Calgary

One brilliant idea helped swing this musician from fearful and unemployed to the busiest he's been in 20 years

A Calgary musician went from fearful to booked solid in a COVID heartbeat but he still wants to highlight how important artists are now during a pandemic.

Matt Masters says he’s busier than ever after taking his show ‘on the road’

Matt Masters says he’s busier than ever with curbside concerts 3:06

A Calgary musician went from fearful to booked solid in a COVID heartbeat but he still wants to highlight how important artists are now during a pandemic.

"I have sung on a ship in the middle of the South Pacific and from the back of a horse in front of thousands of people but I never thought I'd be singing on the rooftop of a minivan," Matt Masters told CBC News.

  • Watch as this Calgary musician takes his show on the road and explains he is busier than ever, in the video at the top of this story.

And taking his music on the road, literally, is Masters' response to the COVID-19 global pandemic.

"I have worked in clubs and theatres for the last 20 years. I typically play two to four shows a week," he said.

"So with the COVID crisis my entire income just stopped. It just stopped immediately."

Traci Zeller celebrated her birthday on Saturday and her thoughtful partner had Calgary musician Matt Masters perform a curbside concert to mark the occasion, safely. (Vincent Bonnay/Radio-Canada)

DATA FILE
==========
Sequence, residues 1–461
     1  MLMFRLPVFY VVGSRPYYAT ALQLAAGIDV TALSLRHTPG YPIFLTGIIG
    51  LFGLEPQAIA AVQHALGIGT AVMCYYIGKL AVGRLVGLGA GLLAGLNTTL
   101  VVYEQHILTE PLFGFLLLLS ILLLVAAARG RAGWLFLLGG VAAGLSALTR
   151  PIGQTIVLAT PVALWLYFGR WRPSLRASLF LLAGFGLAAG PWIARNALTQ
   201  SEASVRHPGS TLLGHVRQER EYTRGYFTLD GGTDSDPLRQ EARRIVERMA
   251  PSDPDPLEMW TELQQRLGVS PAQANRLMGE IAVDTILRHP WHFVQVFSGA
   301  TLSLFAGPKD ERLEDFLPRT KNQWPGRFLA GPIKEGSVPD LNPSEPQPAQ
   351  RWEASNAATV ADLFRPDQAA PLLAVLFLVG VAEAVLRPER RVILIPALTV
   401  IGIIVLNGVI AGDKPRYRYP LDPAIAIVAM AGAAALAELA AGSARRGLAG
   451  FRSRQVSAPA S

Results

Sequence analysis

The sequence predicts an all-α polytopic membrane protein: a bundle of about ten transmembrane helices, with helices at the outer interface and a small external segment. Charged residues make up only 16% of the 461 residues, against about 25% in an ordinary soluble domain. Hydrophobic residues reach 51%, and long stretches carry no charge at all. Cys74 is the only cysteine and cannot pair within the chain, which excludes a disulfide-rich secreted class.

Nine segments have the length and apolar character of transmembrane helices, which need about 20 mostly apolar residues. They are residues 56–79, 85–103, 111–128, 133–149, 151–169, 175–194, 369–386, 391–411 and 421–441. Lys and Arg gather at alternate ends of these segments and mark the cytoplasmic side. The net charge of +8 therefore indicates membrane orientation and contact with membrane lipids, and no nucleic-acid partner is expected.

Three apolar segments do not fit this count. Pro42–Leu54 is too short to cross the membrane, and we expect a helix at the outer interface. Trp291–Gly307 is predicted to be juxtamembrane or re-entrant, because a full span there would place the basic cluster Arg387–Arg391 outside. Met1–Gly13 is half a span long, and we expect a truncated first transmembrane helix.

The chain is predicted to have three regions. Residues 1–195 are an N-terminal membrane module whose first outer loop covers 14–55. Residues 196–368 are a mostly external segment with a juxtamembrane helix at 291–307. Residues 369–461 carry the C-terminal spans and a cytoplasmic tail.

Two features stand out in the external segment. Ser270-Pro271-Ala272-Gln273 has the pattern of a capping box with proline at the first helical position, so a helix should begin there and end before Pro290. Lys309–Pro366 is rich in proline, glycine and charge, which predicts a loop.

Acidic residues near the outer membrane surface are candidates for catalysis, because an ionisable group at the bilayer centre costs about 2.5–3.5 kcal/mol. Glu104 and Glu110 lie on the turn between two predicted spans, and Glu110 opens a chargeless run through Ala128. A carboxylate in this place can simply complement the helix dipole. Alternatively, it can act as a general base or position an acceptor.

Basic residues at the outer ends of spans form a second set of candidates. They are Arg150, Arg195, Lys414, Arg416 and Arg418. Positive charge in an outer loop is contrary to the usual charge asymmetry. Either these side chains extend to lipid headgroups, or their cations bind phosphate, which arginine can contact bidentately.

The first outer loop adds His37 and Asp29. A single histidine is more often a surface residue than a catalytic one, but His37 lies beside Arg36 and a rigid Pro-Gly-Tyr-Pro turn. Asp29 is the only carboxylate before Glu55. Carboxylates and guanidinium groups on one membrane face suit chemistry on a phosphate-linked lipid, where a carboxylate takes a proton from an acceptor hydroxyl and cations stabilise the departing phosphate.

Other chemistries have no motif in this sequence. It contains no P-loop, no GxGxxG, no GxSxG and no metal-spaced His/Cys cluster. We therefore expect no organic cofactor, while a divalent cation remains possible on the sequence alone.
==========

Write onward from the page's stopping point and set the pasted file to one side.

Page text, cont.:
So if people couldn't safely come to a venue, he thought he would take the music to them. And he's tapped in to something big.

"I have been booking music for 20 years. I have never had a week like this. I have booked 50 shows. I have another 50 emails I haven't even opened yet. I will be at my 100th gig in no time," Masters said.

"We are not just busy, we are super busy. It's great."

Traci Zeller celebrated her birthday on Saturday, COVID-style.

"My husband surprised me with a curbside concert. That was a shock but it was awesome," Zeller said.

"It was very touching. I wanted to cry."

Matt Masters is busier than ever with his curbside concerts — a safe, physical-distancing response to the COVID-19 global pandemic. (Vincent Bonnay/Radio-Canada)

Masters said one silver living in the pandemic could be a fresh appreciation for artistic communities.

"I think it's important we recognize the value of arts at this time. No one can get through this crisis without their favourite music, or movie or book. These are things created by the artist community," he said.

"It's so important that we take care of ourselves and the artists in our community."

Matt Masters' curbside concerts, in response to the COVID-19 pandemic, is keeping the Calgary musician busier than ever. (Vincent Bonnay/Radio-Canada)

With files from Radio-Canada's Vincent Bonnay

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